We are often impressed by the old towns in European cities where the towns themselves are like a piece of artwork where we can easily see classic architecture from hundreds of years ago when walking along the streets. As a modernised, urbanised city-state that has been founded for only more than 50 years, although Singapore does not have many such classic old buildings, it maintains a high level of integrity and world-class standards in its urban landscape, which is an exceptional case across the globe as it is not an easy endeavour.
When Singapore gained its independence in 1965, three-quarters of its population were living in slums, with only $516 GDP per capita compared to $1,873 in the UK and $3,827 in the US. With so much needed to be done, 80% of Singapore’s residents were able to move into affordable public housing, also known as HDB flats, within 25 years under the Home Ownership Program. More importantly, the focus of the program has been on the ‘public’ rather than ‘economical’, which is key to developing green, clean, liveable and employment-friendly HDB neighbourhoods equipped with adequate facilities and amenities.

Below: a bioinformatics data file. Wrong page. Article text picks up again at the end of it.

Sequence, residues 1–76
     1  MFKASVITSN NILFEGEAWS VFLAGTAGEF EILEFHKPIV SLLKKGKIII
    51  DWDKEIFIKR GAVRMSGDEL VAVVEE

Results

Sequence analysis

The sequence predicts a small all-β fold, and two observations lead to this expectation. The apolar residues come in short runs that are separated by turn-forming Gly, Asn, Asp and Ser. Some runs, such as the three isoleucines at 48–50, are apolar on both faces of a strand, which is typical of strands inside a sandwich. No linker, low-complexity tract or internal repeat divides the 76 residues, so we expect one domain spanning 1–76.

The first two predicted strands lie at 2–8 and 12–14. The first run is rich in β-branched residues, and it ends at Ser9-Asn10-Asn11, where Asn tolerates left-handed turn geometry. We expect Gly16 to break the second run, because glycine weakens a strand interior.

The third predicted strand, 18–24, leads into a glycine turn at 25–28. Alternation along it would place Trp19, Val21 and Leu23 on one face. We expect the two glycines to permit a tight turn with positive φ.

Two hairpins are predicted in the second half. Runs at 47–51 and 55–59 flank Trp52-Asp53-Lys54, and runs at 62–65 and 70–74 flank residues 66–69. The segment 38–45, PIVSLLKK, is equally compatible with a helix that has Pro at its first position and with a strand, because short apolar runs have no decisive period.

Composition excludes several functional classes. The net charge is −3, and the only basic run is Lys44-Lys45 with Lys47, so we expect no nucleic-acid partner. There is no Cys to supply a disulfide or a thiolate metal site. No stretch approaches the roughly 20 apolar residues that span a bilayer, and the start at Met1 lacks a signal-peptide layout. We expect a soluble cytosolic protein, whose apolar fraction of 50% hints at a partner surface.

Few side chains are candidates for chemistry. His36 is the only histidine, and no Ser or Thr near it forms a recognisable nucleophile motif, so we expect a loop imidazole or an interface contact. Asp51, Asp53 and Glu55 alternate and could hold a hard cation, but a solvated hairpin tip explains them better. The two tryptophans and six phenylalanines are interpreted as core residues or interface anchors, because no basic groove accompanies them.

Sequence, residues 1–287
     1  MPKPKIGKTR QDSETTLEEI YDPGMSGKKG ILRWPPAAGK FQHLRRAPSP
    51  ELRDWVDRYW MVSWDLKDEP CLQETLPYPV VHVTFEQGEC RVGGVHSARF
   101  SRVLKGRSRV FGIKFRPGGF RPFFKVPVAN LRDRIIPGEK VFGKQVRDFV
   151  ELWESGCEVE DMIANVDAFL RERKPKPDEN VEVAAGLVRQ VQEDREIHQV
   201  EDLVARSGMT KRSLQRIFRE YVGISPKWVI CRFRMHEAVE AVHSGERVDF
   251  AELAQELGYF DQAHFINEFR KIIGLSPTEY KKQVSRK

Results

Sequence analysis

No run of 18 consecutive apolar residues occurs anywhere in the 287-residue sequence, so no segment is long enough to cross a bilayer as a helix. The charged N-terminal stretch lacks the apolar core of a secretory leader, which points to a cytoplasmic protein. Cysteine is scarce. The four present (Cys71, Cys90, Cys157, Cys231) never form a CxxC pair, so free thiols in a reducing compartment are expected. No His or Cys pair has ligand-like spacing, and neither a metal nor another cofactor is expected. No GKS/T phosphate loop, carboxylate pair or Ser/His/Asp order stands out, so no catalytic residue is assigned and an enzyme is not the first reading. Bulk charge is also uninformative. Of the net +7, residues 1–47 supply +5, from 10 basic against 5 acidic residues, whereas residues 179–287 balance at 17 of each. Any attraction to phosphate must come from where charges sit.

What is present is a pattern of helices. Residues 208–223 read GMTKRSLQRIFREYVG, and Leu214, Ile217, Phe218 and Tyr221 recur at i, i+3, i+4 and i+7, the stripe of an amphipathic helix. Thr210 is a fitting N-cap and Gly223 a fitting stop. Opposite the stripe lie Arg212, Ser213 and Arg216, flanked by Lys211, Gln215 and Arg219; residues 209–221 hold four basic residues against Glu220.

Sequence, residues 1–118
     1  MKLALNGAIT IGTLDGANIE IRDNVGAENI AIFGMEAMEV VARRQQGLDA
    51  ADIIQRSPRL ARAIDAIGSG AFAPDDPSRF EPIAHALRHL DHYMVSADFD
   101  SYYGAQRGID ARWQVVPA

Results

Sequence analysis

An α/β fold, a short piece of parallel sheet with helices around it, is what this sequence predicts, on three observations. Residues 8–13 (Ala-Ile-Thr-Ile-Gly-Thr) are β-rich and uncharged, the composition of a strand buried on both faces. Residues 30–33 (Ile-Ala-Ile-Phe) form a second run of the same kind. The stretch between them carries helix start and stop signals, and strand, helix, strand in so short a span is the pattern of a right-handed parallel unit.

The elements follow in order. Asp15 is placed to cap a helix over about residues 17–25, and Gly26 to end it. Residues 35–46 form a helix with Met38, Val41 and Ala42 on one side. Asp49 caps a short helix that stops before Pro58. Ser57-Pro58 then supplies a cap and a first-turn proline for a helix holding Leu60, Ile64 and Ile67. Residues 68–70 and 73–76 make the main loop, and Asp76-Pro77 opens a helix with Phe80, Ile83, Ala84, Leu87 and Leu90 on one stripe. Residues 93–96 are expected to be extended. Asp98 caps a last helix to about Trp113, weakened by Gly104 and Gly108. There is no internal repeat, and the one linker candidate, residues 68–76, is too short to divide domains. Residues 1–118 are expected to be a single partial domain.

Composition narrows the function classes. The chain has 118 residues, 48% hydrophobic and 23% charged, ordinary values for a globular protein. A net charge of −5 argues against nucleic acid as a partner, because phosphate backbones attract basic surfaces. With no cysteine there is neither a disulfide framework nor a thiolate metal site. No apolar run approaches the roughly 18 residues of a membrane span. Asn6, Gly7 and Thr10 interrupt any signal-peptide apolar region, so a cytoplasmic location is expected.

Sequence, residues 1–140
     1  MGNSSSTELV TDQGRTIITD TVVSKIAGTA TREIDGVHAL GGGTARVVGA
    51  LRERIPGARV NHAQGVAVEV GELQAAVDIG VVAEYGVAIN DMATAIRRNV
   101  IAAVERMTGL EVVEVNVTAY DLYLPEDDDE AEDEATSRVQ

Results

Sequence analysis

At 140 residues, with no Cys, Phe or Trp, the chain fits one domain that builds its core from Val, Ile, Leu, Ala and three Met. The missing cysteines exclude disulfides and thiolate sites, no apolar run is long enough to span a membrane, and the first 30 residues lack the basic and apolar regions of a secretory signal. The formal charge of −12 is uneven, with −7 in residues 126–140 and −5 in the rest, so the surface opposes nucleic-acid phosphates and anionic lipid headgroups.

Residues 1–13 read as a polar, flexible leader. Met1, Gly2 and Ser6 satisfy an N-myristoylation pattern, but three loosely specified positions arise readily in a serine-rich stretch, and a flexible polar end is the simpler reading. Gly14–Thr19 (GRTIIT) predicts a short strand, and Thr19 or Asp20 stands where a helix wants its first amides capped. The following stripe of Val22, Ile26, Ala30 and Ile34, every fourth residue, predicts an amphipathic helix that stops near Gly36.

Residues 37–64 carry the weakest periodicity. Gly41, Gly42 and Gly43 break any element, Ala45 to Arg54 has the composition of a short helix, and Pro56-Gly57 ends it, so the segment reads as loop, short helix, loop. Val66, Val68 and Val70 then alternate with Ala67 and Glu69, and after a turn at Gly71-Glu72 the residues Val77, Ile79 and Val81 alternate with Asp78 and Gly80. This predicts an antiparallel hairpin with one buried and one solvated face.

Public housing units built during the founding period of Singapore still remain in good conditions even today. Up until today, the demolition rate of HDB flats is less than 0.5%, with most of them being partially upgraded rather than demolished completely. We should note that Singapore’s “Garden City” status was achieved through good decision-making and on-the-ground practice under underdeveloped economic conditions. This achievement cannot be measured based on economic indicators alone, but it is the invaluable benefits it has generated in various aspects that should be considered.